Another cog in the wheel known as the Vast Right Wing Conspiracy to combat the Extreme Left-Wing Media.

Sunday, May 14, 2006

Sunday's baseball notes

The Indians are sitting on a 5 game losing streak and have fallen into 4th place in the AL Central. It is getting a little late in the season to brush off the standings by saying it's early. The middle of this coming week will mark the one quarter mark of the season. I'd feel more confident in claiming they will turn it around if there was one element of the team playing poorly to fix. Unfortunately, the losing has been a team effort. If they're hitting the pitching fails. If the pitching does well like Sabathia did last night then the hitters take the night off. You'd be complimenting the defense if you said the fielding was average. You'd find less baserunning mistakes in a softball league full of drunks. Something needs to change and releasing Danny Graves on Friday wasn't enough.

Jon Lieber flirted with perfection last night. When I first heard on the radio that he had a perfect game going it struck me that the on and off rain made the day seem similar to the night Tom Browning threw a perfect game. Lieber went into the 7th inning without allowing a hit or a walk. Appropriately, on a night where the Reds were giving away Adam Dunn dolls, Dunn broke up the perfect game with a single with two men out in the 7th. My guess is Dunn remembers striking out to end the game more than he remembers the single.

Here is a link to Hal McCoy's Baseball Insider column. He always has something you won't find elsewhere.

If the Indians are considering dumping an underperforming starting pitcher, Jeremy Sowers is making a case for a shot.
Jeremy Sowers allowed one unearned run in seven innings to lead visiting Buffalo past Ottawa, 3-1, in Class AAA International League action Saturday. Sowers (5-1) gave up five hits and two walks while striking out three, lowering his ERA to 1.21 in eight starts.


Ken Rosenthal asks why pitchers are stilled scared of Barry Bonds.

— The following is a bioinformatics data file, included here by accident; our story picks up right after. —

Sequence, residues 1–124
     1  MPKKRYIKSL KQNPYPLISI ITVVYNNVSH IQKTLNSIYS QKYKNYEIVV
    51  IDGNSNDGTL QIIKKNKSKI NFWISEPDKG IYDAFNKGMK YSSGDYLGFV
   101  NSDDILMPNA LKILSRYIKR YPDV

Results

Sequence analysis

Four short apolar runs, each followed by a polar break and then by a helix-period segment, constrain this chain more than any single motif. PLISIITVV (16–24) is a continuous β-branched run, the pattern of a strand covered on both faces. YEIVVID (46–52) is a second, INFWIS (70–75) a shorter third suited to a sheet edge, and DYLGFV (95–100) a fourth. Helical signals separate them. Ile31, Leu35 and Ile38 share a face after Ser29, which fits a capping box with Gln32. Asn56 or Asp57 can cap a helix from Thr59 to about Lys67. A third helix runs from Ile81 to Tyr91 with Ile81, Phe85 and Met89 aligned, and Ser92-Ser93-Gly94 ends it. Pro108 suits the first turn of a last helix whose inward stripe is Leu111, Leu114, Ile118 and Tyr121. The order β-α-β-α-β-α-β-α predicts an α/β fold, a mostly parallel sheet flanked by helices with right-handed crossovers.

Barry Bonds is batting .222. Yet he's second in the National League with 36 walks. When will opposing managers stop treating him as if he's the Bonds of old, and start confronting the reality that he's nearly broken down at 41?
I could understand if opposing teams decide not to give Albert Pujols anything decent to hit, but teams should go ahead and challenge the 2006 version of Barry Bonds.

Hideki Matsui has to be one of the classiest players in professional sports. In an age when we usually only hear negative stories of players behavior it is refreshing to hear one make a heartfelt apology. Why was Matsui apologizing? He actually apologized for breaking his wrist while trying to make a great catch.
Immediately following surgery Friday to repair a broken wrist that will sideline him for at least three months, Hideki Matsui apologized for getting hurt.

"Due to this injury, I feel very sorry and, at the same time, very disappointed to have let my teammates down," Matsui said in a statement. "I will do my best to fully recover and return to the field to help my team once again."

Yankees manager Joe Torre wasn't surprised by the apology. "It's all about responsibility — what he thinks his responsibility is to this team, this organization, because the Yankees committed to him and he feels it's a two-way street in that regard," Torre said.
Other players could learn a lot from Matsui. Even though he is a Yankee, I'm rooting for a complete and speedy recovery.

1 Comments:

Blogger Steven J. Kelso Sr. said...

"You'd find less baserunning mistakes in a softball league full of drunks."

OUCH!

It's getting close to "at least I have the Reds" time. I still haven't given up, but wow are we playing bad!

2:32 PM

 

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